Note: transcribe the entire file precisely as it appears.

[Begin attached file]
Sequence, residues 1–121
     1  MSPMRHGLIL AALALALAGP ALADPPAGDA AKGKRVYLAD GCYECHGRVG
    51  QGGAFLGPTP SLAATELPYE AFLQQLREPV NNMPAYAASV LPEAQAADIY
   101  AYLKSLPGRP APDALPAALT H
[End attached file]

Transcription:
Sequence, residues 1–121
     1  MSPMRHGLIL AALALALAGP ALADPPAGDA AKGKRVYLAD GCYECHGRVG
    51  QGGAFLGPTP SLAATELPYE AFLQQLREPV NNMPAYAASV LPEAQAADIY
   101  AYLKSLPGRP APDALPAALT H